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Authentication

Operation Model

This operating model outlines the actors involved in the Aadhaar Authentication ecosystem. The following figure identifies the key actors in the Aadhaar authentication model and depicts the data flow in which the key actors could engage with each other. The brief description of key actors and the scenarios in which they engage with each other are indicated in the figure below .

 

authentication process

 

UIDAI, in its “Aadhaar Authentication Framework” document has listed the various authentication types that it offers. For each service that needs to be enabled through Aadhaar authentication, the requesting entities agencies choose an authentication type depending on their business requirements.

Stakeholders in Aadhaar Authentication Ecosystem

Unique Identification Authority of India (UIDAI): UIDAI is an authority established by Central Government to be known as Unique Identification Authority of India that is responsible for the processes of enrolment and authentication and perform such other functions assigned to it under the Aadhaar Act. It is the overall regulator and overseer of the Aadhaar authentication system. It owns and manages the Central Identities Data Repository (CIDR) that contains the personal identity data (PID) of all Aadhaar-holders.

Authentication Service Agency (ASA): ASAs are agencies that have established secured leased line connectivity with the CIDR compliant with UIDAI’s standards and specifications. ASAs offer their UIDAI-compliant network connectivity as a service to Authentication User Agencies and transmit AUAs’ authentication requests to CIDR. Only agencies who have entered into a formal agreement with UIDAI become ASAs in order to send authentication requests to the CIDR; no other entity can directly communicate with CIDR. An ASA could serve several AUAs; and may also offer value added services such as multi-party authentication, authorization and MIS reports to AUAs.An ASA enters into a formal agreement with UIDAI in order to transmit authentication.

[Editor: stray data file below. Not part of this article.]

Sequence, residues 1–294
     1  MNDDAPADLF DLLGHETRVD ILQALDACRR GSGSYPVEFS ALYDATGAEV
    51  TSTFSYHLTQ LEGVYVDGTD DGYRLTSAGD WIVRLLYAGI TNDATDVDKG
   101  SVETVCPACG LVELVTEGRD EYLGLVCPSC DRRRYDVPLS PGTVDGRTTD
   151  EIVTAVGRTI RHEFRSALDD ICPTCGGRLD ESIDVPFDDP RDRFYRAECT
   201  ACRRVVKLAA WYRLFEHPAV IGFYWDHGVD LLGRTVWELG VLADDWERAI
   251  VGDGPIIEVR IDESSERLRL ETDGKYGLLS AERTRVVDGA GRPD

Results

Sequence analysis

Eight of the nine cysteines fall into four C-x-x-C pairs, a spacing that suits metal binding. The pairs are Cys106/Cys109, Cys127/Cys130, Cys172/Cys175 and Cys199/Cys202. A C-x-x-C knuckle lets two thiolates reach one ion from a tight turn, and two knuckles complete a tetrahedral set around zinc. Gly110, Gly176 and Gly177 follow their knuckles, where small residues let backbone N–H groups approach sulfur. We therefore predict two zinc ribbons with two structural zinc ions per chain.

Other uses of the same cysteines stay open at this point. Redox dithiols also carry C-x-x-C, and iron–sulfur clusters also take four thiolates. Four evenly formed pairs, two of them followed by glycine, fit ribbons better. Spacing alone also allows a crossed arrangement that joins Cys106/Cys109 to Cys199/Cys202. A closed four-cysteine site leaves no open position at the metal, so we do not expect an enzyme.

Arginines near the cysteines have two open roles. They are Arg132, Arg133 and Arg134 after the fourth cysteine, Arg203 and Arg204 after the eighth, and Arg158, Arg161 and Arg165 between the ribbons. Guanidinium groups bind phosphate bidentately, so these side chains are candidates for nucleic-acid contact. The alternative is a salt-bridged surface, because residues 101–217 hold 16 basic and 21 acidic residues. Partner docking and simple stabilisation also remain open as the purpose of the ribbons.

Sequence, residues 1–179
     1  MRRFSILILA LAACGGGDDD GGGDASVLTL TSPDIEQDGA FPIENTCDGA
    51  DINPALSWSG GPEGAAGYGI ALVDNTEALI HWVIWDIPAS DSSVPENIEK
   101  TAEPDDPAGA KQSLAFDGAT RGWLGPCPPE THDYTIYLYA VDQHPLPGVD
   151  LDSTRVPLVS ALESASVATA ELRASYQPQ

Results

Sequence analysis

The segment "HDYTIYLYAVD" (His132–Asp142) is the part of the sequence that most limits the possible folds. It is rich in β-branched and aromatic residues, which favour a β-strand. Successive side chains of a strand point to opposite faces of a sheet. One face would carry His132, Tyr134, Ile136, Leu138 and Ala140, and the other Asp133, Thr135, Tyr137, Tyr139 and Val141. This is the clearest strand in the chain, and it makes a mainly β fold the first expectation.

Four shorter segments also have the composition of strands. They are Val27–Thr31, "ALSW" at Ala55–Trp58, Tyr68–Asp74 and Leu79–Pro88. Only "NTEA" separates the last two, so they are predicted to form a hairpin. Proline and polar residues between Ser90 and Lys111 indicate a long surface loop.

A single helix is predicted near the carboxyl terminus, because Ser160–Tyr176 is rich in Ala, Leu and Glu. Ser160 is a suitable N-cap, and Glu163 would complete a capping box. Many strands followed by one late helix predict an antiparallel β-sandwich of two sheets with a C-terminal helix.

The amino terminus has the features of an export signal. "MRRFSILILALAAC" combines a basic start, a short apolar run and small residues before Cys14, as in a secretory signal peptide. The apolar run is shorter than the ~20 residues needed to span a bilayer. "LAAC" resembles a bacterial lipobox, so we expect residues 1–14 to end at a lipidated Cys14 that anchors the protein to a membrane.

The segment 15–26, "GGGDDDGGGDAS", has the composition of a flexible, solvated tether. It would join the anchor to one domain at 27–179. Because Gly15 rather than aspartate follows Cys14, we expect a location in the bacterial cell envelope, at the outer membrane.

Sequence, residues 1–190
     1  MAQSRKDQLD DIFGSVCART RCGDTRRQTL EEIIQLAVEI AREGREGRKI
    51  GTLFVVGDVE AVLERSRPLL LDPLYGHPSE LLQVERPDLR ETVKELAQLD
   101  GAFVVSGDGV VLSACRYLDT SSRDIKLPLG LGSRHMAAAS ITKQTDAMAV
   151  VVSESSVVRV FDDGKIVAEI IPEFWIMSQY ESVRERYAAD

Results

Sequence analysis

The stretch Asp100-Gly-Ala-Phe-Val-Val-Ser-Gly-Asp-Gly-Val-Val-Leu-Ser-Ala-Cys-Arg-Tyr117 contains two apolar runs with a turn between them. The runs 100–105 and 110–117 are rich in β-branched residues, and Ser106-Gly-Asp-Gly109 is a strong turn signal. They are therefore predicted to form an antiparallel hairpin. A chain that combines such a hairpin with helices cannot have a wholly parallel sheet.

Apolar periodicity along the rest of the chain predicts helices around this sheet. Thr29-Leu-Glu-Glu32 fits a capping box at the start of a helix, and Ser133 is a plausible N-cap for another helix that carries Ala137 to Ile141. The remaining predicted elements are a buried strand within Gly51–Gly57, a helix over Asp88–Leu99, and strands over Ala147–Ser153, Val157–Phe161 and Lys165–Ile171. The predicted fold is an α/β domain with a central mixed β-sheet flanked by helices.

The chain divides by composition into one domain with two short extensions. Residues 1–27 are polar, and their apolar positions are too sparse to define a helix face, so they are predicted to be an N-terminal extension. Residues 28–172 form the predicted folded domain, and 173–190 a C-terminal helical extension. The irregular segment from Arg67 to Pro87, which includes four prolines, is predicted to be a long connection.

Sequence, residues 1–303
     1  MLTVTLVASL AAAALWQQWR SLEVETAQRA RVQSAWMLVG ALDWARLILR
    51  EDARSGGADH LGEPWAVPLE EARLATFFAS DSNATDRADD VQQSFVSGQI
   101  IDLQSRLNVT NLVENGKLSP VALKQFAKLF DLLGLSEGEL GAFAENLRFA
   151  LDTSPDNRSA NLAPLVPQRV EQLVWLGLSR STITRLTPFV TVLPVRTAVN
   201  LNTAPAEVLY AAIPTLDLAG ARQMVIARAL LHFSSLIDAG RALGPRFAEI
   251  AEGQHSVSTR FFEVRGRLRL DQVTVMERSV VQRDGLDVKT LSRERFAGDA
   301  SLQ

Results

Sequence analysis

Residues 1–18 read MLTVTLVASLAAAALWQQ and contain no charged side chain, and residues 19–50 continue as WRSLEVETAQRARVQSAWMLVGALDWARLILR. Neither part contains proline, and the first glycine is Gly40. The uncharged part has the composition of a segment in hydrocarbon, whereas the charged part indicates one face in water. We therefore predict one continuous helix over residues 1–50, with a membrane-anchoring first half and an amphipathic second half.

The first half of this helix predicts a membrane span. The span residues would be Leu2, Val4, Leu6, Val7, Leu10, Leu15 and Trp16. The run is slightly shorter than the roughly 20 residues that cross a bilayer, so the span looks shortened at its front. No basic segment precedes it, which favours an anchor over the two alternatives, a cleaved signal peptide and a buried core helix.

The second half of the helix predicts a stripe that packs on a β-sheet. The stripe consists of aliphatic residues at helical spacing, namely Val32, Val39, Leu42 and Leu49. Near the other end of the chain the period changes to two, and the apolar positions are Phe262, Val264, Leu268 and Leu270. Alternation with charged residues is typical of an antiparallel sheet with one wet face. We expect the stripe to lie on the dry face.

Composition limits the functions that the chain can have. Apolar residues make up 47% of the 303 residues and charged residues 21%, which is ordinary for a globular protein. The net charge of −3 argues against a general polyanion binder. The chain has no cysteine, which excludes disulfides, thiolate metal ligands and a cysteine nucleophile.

Authentication User Agency (AUA): AUAs are agencies that use Aadhaar authentication to enable its services and connect to the CIDR through an Authentication Service Agency (ASA). AUA may also engage more than one ASA. An AUA could also transmit authentication requests from other entities that are “Sub AUAs” under it (see details on Sub AUA below). AUAs can also act as an aggregator offering authentication services to Sub-AUAs below them and may also offer value added services such as multi-party authentication, MIS reports and authorization to their Sub AUAs. An AUA enters into a formal agreement with UIDAI in order to access Aadhaar authentication.

Sub AUA: An agency / entity (any legal entity registered in India) desiring to use Aadhaar authentication to enable its services could access Aadhaar authentication services through an existing AUA. The following are some possible examples: